We turn our attention now to the first and most fundamental phases of an electronic discovery effort: identification and preservation. As we have seen in numerous contexts, ESI spoliation remains a frequent issue, hence the importance of these phases in an eDiscovery effort: almost every other type of failure can be fixed with adequate time and money, but once unique, relevant ESI is gone, it’s gone.
The first thing you must know to undertake effective identification and preservation activities is the potential legal and technological scope of things for which you might need to be looking. For our purposes, that scope comes from the Federal Rules of Evidence and Civil Procedure and relevant case law, and it can be quite broad.
We’re going to break down the identification process into two parts: imagination and investigation. We don’t spend a lot of time talking about imagination in legal practice, but it’s pretty essential to effective identification. Each new discovery project can be fairly opaque at the outset, with only the essentials known. The first step, then, must be brainstorming to figure out what and who might be relevant.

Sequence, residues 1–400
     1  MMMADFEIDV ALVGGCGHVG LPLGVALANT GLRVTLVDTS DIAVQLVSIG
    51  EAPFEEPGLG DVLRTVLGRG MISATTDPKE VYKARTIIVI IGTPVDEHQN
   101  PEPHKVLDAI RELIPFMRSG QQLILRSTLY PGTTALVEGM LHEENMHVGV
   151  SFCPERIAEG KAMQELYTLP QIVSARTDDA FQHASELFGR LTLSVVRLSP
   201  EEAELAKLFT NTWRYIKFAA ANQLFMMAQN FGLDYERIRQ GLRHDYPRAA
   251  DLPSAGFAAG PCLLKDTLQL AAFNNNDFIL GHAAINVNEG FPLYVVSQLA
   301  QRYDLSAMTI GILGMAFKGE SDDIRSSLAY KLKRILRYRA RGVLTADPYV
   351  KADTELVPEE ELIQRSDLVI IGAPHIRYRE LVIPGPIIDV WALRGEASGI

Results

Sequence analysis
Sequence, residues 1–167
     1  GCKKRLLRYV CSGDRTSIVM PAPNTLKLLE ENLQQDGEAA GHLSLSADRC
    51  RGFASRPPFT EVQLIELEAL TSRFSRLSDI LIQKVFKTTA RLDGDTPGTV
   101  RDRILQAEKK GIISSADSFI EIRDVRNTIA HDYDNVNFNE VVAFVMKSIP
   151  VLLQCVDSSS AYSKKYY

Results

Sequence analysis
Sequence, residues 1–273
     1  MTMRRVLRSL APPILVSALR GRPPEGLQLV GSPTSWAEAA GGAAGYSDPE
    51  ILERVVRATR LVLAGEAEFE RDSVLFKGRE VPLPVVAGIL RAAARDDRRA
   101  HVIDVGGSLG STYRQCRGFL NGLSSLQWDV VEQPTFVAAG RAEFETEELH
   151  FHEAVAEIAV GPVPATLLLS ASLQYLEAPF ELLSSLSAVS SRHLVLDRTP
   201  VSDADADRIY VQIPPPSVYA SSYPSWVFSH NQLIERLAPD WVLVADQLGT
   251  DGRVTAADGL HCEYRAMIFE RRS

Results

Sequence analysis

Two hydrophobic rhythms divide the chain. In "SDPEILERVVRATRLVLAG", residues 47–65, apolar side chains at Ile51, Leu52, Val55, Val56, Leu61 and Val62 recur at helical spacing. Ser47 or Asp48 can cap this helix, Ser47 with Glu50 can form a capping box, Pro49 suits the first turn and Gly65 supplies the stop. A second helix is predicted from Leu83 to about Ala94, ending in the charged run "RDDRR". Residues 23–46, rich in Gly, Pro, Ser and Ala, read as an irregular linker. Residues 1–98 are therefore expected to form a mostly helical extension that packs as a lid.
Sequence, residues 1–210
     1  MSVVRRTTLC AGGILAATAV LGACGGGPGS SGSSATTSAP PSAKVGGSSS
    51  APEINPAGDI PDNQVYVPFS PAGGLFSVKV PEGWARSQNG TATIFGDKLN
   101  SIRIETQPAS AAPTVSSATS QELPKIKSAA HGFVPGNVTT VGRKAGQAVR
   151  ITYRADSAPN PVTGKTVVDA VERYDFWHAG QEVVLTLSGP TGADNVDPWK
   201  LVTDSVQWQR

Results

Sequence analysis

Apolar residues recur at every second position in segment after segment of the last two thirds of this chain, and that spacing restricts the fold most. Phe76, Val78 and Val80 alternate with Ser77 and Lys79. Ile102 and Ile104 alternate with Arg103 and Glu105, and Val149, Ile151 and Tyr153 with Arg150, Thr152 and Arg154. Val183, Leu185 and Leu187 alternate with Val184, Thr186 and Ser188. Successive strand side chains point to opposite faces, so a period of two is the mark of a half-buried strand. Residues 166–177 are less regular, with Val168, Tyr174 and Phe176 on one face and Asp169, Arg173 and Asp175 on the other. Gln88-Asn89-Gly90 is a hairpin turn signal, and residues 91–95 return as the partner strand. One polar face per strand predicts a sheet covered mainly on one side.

Now that you have completed your initial brainstorming of potential materials, properties, and people, you are ready to begin the investigation part of identification. A variety of investigative options are available for finding out how reality lines up with the brainstorming you’ve done to get started. The most important are: targeted interviewing, data mapping, and sampling.
Once you’ve completed your imagination and investigation activities, once you have identified the potentially-relevant materials within your organization, you are ready to take steps to actually preserve those materials. The first and most important of those steps is the issuance of a legal hold instructing the custodians of potentially-relevant materials regarding the need to preserve them.
We have now reviewed how important identification and preservation are, how broad their scope might be, how to go about brainstorming and investigating to identify what needs to be preserved, and how to issue and monitor compliance with legal holds. What remains is to think about common preservation pitfalls, about situations in which immediate collection is called for, and about our key takeaways from this series.